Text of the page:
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VPC Specialty Lending fund kick-starts share buyback strategy




By Daniel Lanyon on 23rd December 2016

https://goo.gl/LQ9XZx

The alternative credit investment trust is seeking to close its discount to NAV buy using spare cash to buy its own shares.

 

 

The £362m VPC Speciality Lending fund will commence a programme of share buy-backs in a bid to close its 17.3 per cent discount to its net asset value [NAV] in 2017, according to regulatory filings.

 

The closed-ended fund, which is listed on the London Stock Exchange buys loans from online lenders for its portfolio across p2p or marketplace lending platforms as well as direct lending platforms. Although, it has sold down the former in favour of the latter in recent months and has said it will pursue this futher in the future.

 

Like its sector peer, the £851m P2P Global Investments fund it has suffered from a bearish market from investors to these vehicles. After VPC Speciality Lending’s launch in 2015 it quickly moved to premium before plummeting to a hefty discount of more than 27 per cent in recent months.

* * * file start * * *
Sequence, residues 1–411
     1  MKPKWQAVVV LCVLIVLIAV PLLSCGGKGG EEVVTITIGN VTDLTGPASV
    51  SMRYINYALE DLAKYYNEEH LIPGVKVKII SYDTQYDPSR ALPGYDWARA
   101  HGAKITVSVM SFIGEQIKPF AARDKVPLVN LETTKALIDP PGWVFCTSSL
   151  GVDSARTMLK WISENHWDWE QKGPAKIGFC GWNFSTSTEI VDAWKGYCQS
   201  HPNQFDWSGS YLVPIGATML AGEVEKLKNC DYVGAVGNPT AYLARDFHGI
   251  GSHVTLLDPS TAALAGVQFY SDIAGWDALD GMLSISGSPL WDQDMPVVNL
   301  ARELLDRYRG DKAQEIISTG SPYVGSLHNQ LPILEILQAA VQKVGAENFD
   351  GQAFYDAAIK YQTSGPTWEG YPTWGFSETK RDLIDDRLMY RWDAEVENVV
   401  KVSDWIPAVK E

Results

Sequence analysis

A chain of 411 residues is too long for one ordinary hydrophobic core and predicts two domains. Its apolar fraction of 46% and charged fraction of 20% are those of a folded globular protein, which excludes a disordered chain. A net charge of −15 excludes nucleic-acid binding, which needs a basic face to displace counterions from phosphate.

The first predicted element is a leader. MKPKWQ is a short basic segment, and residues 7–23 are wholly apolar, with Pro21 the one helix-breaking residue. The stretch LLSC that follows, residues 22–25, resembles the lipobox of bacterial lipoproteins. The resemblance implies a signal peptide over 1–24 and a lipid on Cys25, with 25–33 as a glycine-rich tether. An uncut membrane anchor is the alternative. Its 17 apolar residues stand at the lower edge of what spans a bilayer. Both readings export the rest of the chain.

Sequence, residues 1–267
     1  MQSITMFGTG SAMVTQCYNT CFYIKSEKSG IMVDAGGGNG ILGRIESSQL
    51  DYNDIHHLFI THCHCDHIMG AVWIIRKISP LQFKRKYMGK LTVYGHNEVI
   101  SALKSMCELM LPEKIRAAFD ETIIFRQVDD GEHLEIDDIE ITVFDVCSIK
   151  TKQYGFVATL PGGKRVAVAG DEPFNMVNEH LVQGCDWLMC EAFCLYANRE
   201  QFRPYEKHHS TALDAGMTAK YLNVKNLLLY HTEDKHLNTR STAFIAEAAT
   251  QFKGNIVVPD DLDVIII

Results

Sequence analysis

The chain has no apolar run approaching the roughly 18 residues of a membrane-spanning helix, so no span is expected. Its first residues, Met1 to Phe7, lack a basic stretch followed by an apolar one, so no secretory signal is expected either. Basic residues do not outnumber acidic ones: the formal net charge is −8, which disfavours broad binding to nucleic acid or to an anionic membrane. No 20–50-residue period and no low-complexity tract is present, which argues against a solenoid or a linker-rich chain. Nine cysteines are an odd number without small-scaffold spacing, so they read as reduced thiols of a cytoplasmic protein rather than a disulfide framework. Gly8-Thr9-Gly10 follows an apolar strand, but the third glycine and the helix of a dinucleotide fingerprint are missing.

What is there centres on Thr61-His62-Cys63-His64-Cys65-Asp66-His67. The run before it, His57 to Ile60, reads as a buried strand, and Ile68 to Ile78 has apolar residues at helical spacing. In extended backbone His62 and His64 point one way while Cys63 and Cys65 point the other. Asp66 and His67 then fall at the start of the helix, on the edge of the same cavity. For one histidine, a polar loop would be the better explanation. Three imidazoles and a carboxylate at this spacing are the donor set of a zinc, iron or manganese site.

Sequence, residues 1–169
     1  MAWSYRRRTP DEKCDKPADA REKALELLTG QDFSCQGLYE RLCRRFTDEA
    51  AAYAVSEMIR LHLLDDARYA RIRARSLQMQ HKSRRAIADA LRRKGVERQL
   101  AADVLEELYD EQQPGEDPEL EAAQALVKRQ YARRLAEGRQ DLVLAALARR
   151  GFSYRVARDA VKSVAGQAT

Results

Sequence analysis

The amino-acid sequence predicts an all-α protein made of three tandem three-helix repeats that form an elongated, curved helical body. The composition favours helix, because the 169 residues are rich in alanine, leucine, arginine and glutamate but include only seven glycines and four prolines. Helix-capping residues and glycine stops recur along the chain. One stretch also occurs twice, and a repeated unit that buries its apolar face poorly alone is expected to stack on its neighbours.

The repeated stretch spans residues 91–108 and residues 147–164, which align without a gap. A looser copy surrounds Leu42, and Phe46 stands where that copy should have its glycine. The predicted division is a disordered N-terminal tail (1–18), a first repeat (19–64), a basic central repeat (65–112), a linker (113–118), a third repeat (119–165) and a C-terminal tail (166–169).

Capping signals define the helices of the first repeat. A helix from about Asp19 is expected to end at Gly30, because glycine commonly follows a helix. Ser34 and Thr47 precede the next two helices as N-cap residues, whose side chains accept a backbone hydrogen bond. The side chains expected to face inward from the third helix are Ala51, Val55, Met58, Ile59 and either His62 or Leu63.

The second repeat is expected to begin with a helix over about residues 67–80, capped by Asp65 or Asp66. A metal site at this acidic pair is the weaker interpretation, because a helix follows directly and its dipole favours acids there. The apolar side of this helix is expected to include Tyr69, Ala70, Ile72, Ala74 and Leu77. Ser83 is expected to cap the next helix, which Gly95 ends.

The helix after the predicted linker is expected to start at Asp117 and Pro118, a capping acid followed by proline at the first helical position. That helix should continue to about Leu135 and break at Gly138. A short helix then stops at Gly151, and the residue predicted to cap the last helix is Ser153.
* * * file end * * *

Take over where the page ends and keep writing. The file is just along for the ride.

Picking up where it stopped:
While this has narrowed in the past few weeks, the trust’s board has given the thumbs up for a programme of buying back its own shares in order to further provide uplift to its share price.

 

The fund published this announcement yesterday, highlighting that the buy-backs will be managed by investment bank Jefferies.

 

“The company will commence a share buyback programme in light of the significant disparity between the Company's share price and its Net Asset Value (NAV) per share. In this regard, the Board announces that is has engaged Jefferies International Limited as agent to execute share buy-backs on behalf of the Company,”  the firm said in a statement.

 

The fund’s managers said they are still “committed to delivering the targeted 8.0 per cent net dividend in the medium term which, in the Company's opinion, should lead to a narrowing of the discount over time.” The programme is now live and will “unless extended or terminated earlier” end in six months.

 

Andrew Adcock, chairman, said: "we believe that a share buyback programme is a sensible deployment of our capital and we are taking this step as part of our wider strategy to improve returns for our shareholders."

 

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